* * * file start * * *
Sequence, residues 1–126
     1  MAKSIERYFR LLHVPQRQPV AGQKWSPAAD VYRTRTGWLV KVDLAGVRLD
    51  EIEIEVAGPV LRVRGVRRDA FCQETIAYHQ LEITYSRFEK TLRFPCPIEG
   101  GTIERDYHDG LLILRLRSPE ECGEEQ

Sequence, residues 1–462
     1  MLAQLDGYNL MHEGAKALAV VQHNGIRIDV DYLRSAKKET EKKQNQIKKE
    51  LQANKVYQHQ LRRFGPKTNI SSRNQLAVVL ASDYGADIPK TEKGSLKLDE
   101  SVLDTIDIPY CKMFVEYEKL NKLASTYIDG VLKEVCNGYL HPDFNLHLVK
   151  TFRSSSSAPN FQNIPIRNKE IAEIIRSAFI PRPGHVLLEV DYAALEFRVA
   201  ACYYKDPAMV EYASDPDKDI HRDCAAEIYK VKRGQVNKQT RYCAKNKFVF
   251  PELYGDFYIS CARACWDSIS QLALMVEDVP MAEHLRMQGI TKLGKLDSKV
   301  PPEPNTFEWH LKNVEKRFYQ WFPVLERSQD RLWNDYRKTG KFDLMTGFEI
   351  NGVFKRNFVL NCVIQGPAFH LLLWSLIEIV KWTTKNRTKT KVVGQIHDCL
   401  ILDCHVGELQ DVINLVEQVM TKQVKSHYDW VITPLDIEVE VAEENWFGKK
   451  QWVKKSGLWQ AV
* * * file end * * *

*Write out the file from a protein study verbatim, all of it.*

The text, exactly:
Sequence, residues 1–126
     1  MAKSIERYFR LLHVPQRQPV AGQKWSPAAD VYRTRTGWLV KVDLAGVRLD
    51  EIEIEVAGPV LRVRGVRRDA FCQETIAYHQ LEITYSRFEK TLRFPCPIEG
   101  GTIERDYHDG LLILRLRSPE ECGEEQ

Sequence, residues 1–462
     1  MLAQLDGYNL MHEGAKALAV VQHNGIRIDV DYLRSAKKET EKKQNQIKKE
    51  LQANKVYQHQ LRRFGPKTNI SSRNQLAVVL ASDYGADIPK TEKGSLKLDE
   101  SVLDTIDIPY CKMFVEYEKL NKLASTYIDG VLKEVCNGYL HPDFNLHLVK
   151  TFRSSSSAPN FQNIPIRNKE IAEIIRSAFI PRPGHVLLEV DYAALEFRVA
   201  ACYYKDPAMV EYASDPDKDI HRDCAAEIYK VKRGQVNKQT RYCAKNKFVF
   251  PELYGDFYIS CARACWDSIS QLALMVEDVP MAEHLRMQGI TKLGKLDSKV
   301  PPEPNTFEWH LKNVEKRFYQ WFPVLERSQD RLWNDYRKTG KFDLMTGFEI
   351  NGVFKRNFVL NCVIQGPAFH LLLWSLIEIV KWTTKNRTKT KVVGQIHDCL
   401  ILDCHVGELQ DVINLVEQVM TKQVKSHYDW VITPLDIEVE VAEENWFGKK
   451  QWVKKSGLWQ AV